Thursday, July 27, 2006

NYT Comics Page + the Military

NYT ME Gerald Marzorati answers reader mail about the comics page:
For full, please click here

Thinking Up the Funny Pages
Q. First off, let me write a big thanks. I love the magazine, best part of the Sunday paper. Regrettably, I can't get The Times over here in Iraq and reading the mag online just isn't the same. The other day I was up in Mosul. An officer I had a meeting with up there had a big stack of The Times with one of the magazines on top behind his desk, which I eyed jealously throughout the meetings. His wife must have mailed them to him.

Anyway, my question: How did you make the decision to add the story/comic book section? I read the explanation why in that edition and I kind of buy it. What I'd like to know is how you came to the decision and how did you pick those particular categories? It seems like such a break with the direction of the magazine. Thanks much and keep up the good work!
-- CDR Brendan McLane

A. Dear Commander (have I got that right?) McLane -- Your letter has already made my day, not just that you like the magazine, but -- speaking as a general-interest-magazine editor, that is, as someone who lives to reach the generally curious reader -- that you wrote me from Iraq not to pick apart our coverage of the war but to inquire about comics and stuff!

In one respect, you embody the reason I was interested in scheming up the Funny Pages. In the post-9/11 world, a lot of our pages are being devoted to Iraq and, more generally, to national security and the war on terror. I wanted there to be a place in the magazine that was escapist. I count on attracting readers who want to be informed, of course, but I also count on attracting readers who want to be entertained -- hence the crossword puzzle, the Ethicist column, and so on. We reach readers on Sunday morning, when a quiet break from the world, an escape, may be precisely what they have in mind.

The other big thing I had in mind was finding some way to evoke the funny pages of old-timey Sunday papers (though not of the Times, which never had them) in a contemporary way, and here, our popular culture presented a prefect opportunity. To me, the graphic novel -- the book-length narrative told in comics-style by artists like Chris Ware and others -- is one of the most vibrant young mediums we have. Ditto a new kind of humor writing which is neither jokey nor satirical but memoirish and oddball, a kind of writing that has popped up in recent years at reading nights in clubs and bars in New York, and on the public-radio show "This American Life." (As it happens, two of the people here involved in the Funny Pages, Paul Tough and John Hodgman, have produced things for "This American Life." Hodgman also now has the strangest moonlighting gig any writer at the magazine has ever had -- he plays the tweedy PC in the new Apple TV commercials.) The third feature of the Funny Pages is serial fiction, and, again, I happen to think we are living in a terrific era for genre fiction -- that is crime, detective, and legal-thriller fiction -- and since no other magazine was publishing it, why not us?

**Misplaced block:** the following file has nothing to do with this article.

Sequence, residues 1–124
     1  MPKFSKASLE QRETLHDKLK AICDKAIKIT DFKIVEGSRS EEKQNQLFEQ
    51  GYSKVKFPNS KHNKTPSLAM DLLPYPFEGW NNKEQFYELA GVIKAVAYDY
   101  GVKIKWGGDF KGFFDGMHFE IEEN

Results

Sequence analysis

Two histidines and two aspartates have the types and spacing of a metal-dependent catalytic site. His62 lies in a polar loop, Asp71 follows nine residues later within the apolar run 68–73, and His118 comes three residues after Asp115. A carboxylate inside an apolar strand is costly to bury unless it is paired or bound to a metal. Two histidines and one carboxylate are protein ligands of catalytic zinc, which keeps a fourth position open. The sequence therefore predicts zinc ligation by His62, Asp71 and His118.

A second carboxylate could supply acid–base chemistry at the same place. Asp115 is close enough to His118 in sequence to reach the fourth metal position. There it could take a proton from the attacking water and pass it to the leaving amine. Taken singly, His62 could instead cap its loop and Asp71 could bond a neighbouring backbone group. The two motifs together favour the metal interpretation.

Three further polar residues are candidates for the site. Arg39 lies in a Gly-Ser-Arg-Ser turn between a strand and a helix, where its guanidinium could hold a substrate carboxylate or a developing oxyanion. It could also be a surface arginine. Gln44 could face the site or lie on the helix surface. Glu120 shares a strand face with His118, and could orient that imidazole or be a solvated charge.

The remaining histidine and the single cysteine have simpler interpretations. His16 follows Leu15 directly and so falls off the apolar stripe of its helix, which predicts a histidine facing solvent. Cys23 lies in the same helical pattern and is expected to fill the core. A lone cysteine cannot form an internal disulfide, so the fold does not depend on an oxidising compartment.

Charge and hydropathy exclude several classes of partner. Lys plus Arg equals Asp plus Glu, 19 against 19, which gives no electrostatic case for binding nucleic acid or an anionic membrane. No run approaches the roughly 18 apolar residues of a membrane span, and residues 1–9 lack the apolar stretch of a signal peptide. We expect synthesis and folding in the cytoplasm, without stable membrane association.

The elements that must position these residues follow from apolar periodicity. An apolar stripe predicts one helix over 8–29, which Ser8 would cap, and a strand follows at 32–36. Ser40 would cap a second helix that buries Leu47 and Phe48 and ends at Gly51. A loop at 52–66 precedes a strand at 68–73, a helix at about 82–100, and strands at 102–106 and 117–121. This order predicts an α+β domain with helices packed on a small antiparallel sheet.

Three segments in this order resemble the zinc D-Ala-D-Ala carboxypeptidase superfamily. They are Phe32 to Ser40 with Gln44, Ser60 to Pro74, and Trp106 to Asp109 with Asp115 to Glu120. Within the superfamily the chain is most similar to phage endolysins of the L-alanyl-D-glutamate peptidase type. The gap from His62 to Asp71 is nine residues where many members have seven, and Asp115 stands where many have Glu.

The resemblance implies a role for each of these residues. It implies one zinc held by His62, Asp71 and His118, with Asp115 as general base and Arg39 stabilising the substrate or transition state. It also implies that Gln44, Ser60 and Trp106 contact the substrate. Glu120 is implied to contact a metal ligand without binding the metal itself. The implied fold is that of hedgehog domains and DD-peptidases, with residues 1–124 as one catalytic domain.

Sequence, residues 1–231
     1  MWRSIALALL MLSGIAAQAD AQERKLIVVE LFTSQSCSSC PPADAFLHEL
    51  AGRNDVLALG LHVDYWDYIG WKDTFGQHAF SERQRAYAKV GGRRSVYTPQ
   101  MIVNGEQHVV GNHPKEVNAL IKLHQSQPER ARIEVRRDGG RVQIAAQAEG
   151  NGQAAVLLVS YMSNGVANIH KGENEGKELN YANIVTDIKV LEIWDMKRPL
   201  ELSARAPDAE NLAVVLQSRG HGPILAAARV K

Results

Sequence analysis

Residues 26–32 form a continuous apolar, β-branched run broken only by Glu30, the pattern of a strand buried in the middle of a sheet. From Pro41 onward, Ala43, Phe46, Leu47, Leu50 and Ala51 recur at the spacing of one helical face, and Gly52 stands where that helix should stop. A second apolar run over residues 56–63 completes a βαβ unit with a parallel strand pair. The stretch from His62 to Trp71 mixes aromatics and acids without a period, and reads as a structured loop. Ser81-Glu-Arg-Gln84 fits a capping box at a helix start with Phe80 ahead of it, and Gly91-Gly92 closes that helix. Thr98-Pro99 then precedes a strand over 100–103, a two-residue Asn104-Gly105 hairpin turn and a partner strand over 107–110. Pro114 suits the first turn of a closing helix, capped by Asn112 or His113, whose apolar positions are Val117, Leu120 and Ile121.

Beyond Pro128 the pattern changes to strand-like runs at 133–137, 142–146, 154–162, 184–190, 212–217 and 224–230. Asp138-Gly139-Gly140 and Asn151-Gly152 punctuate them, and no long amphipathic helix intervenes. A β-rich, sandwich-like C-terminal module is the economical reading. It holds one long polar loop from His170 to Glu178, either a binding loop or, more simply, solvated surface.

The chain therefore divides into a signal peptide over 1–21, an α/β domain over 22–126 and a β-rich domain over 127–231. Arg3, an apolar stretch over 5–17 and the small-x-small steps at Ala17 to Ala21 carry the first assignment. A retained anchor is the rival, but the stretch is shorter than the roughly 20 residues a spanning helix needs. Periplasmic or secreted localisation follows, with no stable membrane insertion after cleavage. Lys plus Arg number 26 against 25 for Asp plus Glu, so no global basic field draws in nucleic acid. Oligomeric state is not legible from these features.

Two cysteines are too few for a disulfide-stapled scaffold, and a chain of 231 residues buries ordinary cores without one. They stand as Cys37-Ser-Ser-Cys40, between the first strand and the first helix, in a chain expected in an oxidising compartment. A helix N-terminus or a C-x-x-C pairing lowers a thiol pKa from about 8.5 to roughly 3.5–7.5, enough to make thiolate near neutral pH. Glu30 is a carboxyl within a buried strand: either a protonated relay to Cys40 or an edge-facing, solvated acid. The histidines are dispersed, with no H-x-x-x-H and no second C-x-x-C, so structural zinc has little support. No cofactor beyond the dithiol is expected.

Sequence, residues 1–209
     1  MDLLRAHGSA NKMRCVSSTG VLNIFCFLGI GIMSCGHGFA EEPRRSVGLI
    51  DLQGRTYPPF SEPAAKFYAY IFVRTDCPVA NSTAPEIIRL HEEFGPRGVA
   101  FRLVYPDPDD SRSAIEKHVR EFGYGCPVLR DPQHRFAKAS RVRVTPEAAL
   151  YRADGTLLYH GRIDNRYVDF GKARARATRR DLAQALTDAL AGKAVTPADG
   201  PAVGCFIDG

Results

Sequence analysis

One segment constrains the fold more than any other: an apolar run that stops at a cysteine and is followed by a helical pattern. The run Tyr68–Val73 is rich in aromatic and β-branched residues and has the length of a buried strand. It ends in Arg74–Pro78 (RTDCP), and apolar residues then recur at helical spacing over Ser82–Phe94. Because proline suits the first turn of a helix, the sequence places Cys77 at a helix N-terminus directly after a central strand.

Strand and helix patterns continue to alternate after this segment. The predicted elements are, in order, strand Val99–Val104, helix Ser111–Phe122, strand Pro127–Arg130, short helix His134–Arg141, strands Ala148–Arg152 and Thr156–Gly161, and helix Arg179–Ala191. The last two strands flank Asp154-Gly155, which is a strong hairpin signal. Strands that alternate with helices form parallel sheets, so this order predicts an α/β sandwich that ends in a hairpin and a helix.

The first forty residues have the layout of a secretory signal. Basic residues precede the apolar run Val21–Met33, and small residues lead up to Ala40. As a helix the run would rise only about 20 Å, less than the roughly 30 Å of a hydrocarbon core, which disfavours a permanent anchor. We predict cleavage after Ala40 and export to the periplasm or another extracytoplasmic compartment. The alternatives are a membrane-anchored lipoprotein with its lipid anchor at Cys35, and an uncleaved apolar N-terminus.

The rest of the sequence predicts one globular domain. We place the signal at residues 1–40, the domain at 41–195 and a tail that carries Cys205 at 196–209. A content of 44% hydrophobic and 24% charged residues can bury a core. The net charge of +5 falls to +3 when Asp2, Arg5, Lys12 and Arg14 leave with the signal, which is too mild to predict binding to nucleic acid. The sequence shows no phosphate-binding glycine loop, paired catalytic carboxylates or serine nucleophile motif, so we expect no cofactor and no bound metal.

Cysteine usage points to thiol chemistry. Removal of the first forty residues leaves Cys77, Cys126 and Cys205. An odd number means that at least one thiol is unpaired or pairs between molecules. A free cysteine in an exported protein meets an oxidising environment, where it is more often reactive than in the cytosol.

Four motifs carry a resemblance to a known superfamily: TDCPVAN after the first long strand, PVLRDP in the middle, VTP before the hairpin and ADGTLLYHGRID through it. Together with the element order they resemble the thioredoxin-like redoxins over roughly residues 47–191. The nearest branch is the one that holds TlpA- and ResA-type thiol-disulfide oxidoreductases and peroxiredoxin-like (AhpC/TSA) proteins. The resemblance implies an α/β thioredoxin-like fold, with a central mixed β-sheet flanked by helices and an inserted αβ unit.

You are right, it's a break with the tradition of the magazine -- with The Times as a whole, for that matter. But as we seek out new readers across the country and around the globe (via the Web), I suspect we'll be doing a lot more things that haven't been done before. Now, as a lot of letter writers have made clear, the Funny Pages are not for everyone, but as a lot of other letter-writers (especially younger ones) have made clear, they love them. Me, I want readers to find something to like in the magazine each week, and then take a bike ride or play with the kids. Hey, it's Sunday.

You keep safe.


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